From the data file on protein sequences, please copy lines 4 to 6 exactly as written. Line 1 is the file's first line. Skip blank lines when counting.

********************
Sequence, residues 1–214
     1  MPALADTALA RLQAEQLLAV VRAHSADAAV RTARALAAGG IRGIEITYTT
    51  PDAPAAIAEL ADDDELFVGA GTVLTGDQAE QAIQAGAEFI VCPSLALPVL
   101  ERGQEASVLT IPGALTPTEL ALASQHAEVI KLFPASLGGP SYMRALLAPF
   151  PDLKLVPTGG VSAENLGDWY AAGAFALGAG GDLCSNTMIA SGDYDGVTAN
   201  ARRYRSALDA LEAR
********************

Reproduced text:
   101  ERGQEASVLT IPGALTPTEL ALASQHAEVI KLFPASLGGP SYMRALLAPF
   151  PDLKLVPTGG VSAENLGDWY AAGAFALGAG GDLCSNTMIA SGDYDGVTAN
   201  ARRYRSALDA LEAR